I think the fear really consumed me when I was dealing with Waldo's cancer, almost 5 yrs ago. I found out he had hemangiosarcoma 4 days after I adopted him. Because of the stage of cancer, and previous health issues, there was nothing I could do to treat the cancer. (And believe me, I sought other opinions). I pretty much was given orders by the vet to spoil him rotten until it was his time. Six months later, it was his time (statistically, he was a miracle… nobody thought he'd live past 6 weeks). But for those 6 months, I lived every day wondering if it would be his last, and hoping it wouldn't be his last. I would sometimes poke him awake just so I knew he was ok. I must've made him crazy! But I did spoil him.

From Waldo, I learned that dogs can still live a pretty darn good life with cancer. Waldo never seemed to worry or care like I did. He just wanted to play and eat and sleep and hang out with momma and Peanut. He taught me to focus on his life, not his death. But it wasn't always that simple. I still hold onto that fear; that need to be there.

When Peanut was diagnosed with cancer, I thanked Waldo for all his previous lessons. I think because of what I shared with him, I have been able to remain so strong and positive for Peanut. Thanks, Waldo. Mommy will never forget you.

As far as at home euthanasia is concerned… it's a great idea, if your vet will allow it. Who wouldn't want to choose the perfect, comfortable spot for a beloved pet and family? But whether or not the moment is done at home or in the vet office, euthanasia remains a very difficult, agonizing decision. Having it done at home certainly doesn't change that. But I think it's best to know all options available, so each invidividual can come to the most appropriate decision for her dog and family.

It might seem morbid to some, but I think discussing topics like this can give one a better feeling of control over this crazy cancer.


Some Waldo pics, just to honor his memory:

~*~*~ Peanut is strength, love, and happiness. ~*~*~ 11/30/03 – 12/26/09

On The Road

Member Since:
24 September 2009
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14 December 2009 - 7:55 pm
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brandnewkey said:

It might seem morbid to some, but I think discussing topics like this can give one a better feeling of control over this crazy cancer.

Not morbid at all, thanks for understanding why I started this topic. i wish we had something similar when facing Jerry's end of life decisions. But then, that's whay I started this topic to help myself and others try to understand when to say when: Question yourself to prepare for loss.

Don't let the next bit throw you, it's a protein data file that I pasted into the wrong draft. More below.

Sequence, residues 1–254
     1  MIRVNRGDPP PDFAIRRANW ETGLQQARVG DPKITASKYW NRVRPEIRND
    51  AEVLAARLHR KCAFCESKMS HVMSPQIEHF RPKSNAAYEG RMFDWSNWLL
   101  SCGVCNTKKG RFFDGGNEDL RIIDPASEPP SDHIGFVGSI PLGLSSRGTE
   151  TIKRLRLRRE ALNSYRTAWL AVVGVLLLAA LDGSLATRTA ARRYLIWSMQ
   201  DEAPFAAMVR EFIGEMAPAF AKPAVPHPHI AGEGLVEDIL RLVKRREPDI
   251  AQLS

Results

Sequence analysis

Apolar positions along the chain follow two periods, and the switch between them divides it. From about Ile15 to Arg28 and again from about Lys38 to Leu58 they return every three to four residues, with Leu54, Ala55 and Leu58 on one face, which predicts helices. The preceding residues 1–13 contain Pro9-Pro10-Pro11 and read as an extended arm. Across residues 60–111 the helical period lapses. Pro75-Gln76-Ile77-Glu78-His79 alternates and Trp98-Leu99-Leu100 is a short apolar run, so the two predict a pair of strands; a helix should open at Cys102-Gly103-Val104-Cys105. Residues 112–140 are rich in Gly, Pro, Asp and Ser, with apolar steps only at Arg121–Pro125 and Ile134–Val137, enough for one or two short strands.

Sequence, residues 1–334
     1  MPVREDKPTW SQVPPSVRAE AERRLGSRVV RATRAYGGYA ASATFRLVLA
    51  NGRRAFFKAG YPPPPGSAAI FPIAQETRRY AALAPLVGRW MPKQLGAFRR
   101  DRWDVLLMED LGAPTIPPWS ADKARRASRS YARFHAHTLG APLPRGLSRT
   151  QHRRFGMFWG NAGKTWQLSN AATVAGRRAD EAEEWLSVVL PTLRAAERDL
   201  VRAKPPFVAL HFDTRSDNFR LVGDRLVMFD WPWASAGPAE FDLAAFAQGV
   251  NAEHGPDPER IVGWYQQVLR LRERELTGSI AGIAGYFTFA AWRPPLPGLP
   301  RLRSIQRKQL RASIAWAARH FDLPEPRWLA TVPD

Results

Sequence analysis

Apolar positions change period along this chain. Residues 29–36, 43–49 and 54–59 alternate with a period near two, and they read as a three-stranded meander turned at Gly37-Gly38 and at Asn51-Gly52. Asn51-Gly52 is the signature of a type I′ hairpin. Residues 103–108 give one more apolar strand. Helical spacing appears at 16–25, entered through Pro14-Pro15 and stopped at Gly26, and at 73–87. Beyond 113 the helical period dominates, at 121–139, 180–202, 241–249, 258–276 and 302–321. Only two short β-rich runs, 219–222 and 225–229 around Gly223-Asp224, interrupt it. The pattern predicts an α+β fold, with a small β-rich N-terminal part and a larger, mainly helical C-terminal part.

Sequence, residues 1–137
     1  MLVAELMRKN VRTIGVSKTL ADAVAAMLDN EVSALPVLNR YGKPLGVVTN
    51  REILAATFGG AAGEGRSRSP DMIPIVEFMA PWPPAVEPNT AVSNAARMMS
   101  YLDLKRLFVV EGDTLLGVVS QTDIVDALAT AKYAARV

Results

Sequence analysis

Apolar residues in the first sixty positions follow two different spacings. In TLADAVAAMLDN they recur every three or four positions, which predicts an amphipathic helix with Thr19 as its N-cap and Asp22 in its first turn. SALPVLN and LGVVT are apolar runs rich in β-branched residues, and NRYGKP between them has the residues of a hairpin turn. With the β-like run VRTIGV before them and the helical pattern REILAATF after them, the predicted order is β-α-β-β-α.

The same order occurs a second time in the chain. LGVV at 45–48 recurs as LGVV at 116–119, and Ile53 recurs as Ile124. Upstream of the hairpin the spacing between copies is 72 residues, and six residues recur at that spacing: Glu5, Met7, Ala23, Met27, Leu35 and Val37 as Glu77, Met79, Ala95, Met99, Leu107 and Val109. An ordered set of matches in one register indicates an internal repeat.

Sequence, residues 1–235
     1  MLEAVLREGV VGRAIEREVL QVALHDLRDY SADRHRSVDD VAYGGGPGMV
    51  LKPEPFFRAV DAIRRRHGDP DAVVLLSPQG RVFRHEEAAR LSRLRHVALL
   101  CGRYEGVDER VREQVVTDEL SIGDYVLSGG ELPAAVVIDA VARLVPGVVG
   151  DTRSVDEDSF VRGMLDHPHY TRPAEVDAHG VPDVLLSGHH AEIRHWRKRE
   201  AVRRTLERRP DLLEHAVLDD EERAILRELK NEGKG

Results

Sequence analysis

Tripawds Founders Jim and Rene | | |

Wesley Chapel, FL
Member Since:
13 September 2009
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15 December 2009 - 5:29 am
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Waldo looks like such a sweetheart! I love the picture of him snuggled next to Peanut... Thanks so much for sharing...

Angel Jake's Mom

Jake, 10yr old golden retriever (fractured his front right leg on 9/1, bone biopsy revealed osteosarcoma on 9/10, amputation on 9/17) and his family Marguerite, Jacques and Wolfie, 5yr old german shepherd and the newest addition to the family, Nala, a 7mth old Bengal mix kittie. Jake lost his battle on 11/9/2009, almost 8 weeks after his surgery. We will never forget our sweet golden angel… ….. CANCER SUCKS!

Member Since:
13 July 2009
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15 December 2009 - 9:05 am
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Waldo looks like a baby Peanut snuggled next to Peanut like that. Cute! So you have had to face dog cancer twice. I don't know if I could be that strong, not that we are given a choice. You certainly maintain a great outlook with Peanut.

New England
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17 September 2009
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16 December 2009 - 2:39 pm
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Thanks! Waldo was a little scrappy doodle.

I was wondering why vets don't more freely offer advice or suggestions to their clients. I think it may be a liability issue. Or maybe they don't want to feel like they're influencing a client's decision-making process.

I remember when I took Peanut in for her consultation with the orthopedic surgeon, he sat with us for a whole hour going over everything. I had already made up my mind about what I wanted to do, and had done SO much research on my own. But I was extremely appreciative that he took the time to discuss everything with me.

I wish regular vets did that more often. Just my 2 cents.

~*~*~ Peanut is strength, love, and happiness. ~*~*~ 11/30/03 – 12/26/09

East Bay, CA
Member Since:
6 August 2009
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17 December 2009 - 2:05 am
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That picture of Peanut and Waldo is too much! That's about the cutest darn thing I've seen all week.

May 2001-Jan 21, 2010.....I'm a dog and I'm AWESOME!..... Always.